most people, the reasoning behind the hostilities in WWI is hard to understand.
The human carnage is well documented and the causes of the hostilities are
still being debated today. What
Hochschild brings to the narrative is the large, vociferous and passionate
anti-war contingent in Britain who braved ridicule, condemnation, and in some
instances death by firing squad. The author concentrates on the divergent
loyalties that each exhibited. The
dilemma faced by peace activists is one common to dissenters then and now; how
do you oppose a war because of your unshakeable conviction that it is wrong,
without seeming to undermine the husbands, fathers, and brothers of your fellow
citizens whose lives are in danger?
Hochschild paints a vivid picture of what lay ahead after the end of
hostilities. Britain’s aristocratic
class was confident that the war would be ended by cavalry—men on horseback
wielding lances, but that belief was ended by an industrialized war, clip
loaded rifles, machine guns, airplanes, tanks, and mustard gas. The war didn’t serve anything but set the
stage for a great political unknown which lay ahead, but led inevitably to
warfare that was more mechanized, ever more deadly and more impersonal. The antiwar sentiments and unchecked
nationalizing during wars since then have ebbed and flowed but Britain in the
first World War was the largest and most sustained example of each side’s
passion in what it believed clashing against each other to such a large degree.
"This is the kind of investigatory history Hochschild pulls off like no one else . . . Hochschild is a master at chronicling how prevailing cultural opinion is formed and, less frequently, how it's challenged." — Maureen Corrigan, NPR’s Fresh Air
World War I was supposed to be the “war to end all wars.” Over four long years, nations around the globe were sucked into the tempest, and millions of men died on the battlefields. To this day, the war stands as one of history’s most senseless spasms of carnage, defying rational explanation.
To End All Wars focuses on the long-ignored moral drama of the war’s critics, alongside its generals and heroes. Many of these dissenters were thrown in jail for their opposition to the war, from a future Nobel Prize winner to an editor behind bars who distributed a clandestine newspaper on toilet paper. These critics were sometimes intimately connected to their enemy hawks: one of Britain’s most prominent women pacifist campaigners had a brother who was commander in chief on the Western Front. Two well-known sisters split so bitterly over the war that they ended up publishing newspapers that attacked each other.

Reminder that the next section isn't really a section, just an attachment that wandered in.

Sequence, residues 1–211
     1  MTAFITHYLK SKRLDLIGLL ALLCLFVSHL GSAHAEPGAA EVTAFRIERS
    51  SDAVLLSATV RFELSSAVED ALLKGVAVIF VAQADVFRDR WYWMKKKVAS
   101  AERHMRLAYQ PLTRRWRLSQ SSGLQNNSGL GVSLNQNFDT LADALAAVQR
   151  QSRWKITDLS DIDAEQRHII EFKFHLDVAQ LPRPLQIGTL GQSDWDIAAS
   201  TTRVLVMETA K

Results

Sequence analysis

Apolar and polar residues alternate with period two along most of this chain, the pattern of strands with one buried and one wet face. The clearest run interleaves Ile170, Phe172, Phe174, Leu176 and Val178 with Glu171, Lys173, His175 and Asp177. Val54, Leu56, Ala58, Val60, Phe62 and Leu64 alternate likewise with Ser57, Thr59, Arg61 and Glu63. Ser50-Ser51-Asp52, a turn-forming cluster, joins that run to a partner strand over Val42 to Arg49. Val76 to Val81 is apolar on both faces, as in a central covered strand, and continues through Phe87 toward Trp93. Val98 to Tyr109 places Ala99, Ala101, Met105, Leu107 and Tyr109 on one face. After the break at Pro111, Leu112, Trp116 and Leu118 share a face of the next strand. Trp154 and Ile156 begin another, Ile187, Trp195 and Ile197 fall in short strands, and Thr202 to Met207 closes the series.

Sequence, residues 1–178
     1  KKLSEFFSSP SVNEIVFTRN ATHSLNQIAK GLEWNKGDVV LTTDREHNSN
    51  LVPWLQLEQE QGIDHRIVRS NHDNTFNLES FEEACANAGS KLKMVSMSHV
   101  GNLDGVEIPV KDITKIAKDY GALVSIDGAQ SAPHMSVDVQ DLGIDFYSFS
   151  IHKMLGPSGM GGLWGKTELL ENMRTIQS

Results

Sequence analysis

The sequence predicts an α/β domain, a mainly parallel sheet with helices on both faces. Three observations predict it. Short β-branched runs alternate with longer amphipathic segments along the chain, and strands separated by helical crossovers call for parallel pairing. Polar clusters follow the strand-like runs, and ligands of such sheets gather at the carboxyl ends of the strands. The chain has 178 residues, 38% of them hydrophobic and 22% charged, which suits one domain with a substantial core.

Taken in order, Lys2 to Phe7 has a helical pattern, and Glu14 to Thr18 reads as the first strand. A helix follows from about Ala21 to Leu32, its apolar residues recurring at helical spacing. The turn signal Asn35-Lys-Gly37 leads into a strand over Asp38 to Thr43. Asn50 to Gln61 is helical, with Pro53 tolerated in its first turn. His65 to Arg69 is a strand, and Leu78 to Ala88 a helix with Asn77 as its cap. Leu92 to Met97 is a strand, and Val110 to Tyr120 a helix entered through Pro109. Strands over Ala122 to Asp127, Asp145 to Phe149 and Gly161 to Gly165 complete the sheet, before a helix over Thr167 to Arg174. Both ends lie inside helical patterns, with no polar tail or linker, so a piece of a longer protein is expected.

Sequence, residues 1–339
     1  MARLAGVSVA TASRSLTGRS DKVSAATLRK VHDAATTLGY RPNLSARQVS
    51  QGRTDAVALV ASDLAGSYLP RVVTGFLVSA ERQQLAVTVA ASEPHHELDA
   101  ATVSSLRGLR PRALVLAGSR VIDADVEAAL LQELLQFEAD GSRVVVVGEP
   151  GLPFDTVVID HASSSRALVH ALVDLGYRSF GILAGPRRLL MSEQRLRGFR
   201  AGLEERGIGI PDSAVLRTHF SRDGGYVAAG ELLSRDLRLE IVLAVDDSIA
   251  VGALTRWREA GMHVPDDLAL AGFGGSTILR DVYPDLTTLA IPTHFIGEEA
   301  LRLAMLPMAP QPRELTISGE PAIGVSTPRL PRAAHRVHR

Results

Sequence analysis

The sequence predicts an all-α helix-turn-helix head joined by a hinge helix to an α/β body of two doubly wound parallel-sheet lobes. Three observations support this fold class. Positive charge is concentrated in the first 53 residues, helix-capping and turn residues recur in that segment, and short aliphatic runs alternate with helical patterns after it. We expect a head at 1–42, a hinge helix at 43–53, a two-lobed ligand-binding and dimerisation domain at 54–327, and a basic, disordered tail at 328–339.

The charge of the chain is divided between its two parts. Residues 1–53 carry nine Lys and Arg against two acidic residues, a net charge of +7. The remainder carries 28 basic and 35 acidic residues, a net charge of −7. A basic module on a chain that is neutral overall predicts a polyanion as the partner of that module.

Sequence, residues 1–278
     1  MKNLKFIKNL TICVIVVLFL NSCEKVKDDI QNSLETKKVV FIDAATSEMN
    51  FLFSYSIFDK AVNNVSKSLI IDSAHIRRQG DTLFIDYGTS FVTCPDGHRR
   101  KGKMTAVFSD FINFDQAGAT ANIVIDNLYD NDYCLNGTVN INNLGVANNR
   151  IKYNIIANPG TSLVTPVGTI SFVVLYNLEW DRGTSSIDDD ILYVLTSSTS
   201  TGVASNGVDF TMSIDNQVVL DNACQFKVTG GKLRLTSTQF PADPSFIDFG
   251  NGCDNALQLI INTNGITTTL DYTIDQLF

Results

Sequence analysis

As Adam Hochschild brings the Great War to life as never before, he forces us to confront the big questions: Why did so many nations get so swept up in the violence? Why couldn’t cooler heads prevail? And can we ever avoid repeating history?
"Hochschild brings fresh drama to the story and explores it in provocative ways . . . Exemplary in all respects." — Jonathan Yardley, Washington Post
"Superb . . . Brilliantly written and reads like a novel . . . [Hochschild] gives us yet another absorbing chronicle of the redeeming power of protest." — Minneapolis Star Tribune
About the Author
ADAM HOCHSCHILD is the author of ten books. King Leopold’s Ghost was a finalist for the National Book Critics Circle Award, as was To End All Wars. His Bury the Chains was a finalist for the National Book Award and won the Los Angeles Times Book Prize and PEN USA Literary Award. He lives in Berkeley, California.
"This is a book to make one feel deeply and painfully, and also to think hard."
—Christopher Hitchens, New York Times Book Review
"Hochschild brings fresh drama to the story, and explores it in provocative ways . . . Exemplary in all respects."
—Jonathan Yardley, Washington Post
"In this deeply moving history of the so-called Great War, those opposing its mindless folly receive equal billing with the politicians, generals, and propagandists obdurately insisting on its perpetuation. Implicit in Adam Hochschild's account is this chilling warning: once governments become captive of wars they purport to control, they turn next on their own people."
—Andrew J. Bacevich, author of Washington Rules: America's Path to Permanent War
"Adam Hochschild is the rare historian who fuses deep scholarship with novelistic flair. In his hands, World War I becomes a clash not only of empires and armies, but of individuals: king and Kaiser, warriors and pacifists, coal miners and aristocrats. Epic yet human-scaled, this is history for buffs and novices alike, a stirring and provocative exploration of the Great War and the nature of war itself".
—Tony Horwitz, author of A Voyage Long and Strange
"In prose as compelling as a masterful novel, Hochschild illuminates the lives of those who consigned millions to oblivion, and also introduces us to those who fiercely opposed the carnage—those who imagined, as we might, that the world could be otherwise. We emerge from this exemplary book with the knowledge that war is not inevitable, and those who work for its abolition inherit their dedication from sane men and women of great moral strength who recognized, as we must, that the future depended upon them. Hochschild’s accomplishment, as a writer and historian, is formidable and inspiring."
—Carolyn Forché, editor of Against Forgetting: 20th Century Poetry of Witness
"The lives of the author’s many characters dovetail elegantly in this moving, accessible book...An ambitious narrative that presents a teeming worldview through intimate, human portraits."
"An original, engrossing account that gives the war's opponents (largely English) prominent place . . . Hochschild paints equally vivid, painful portraits of now obscure civilians and soldiers who waged a bitter, often heroic, and, Hochschild admits, unsuccessful antiwar struggle."
—Publishers Weekly, starred review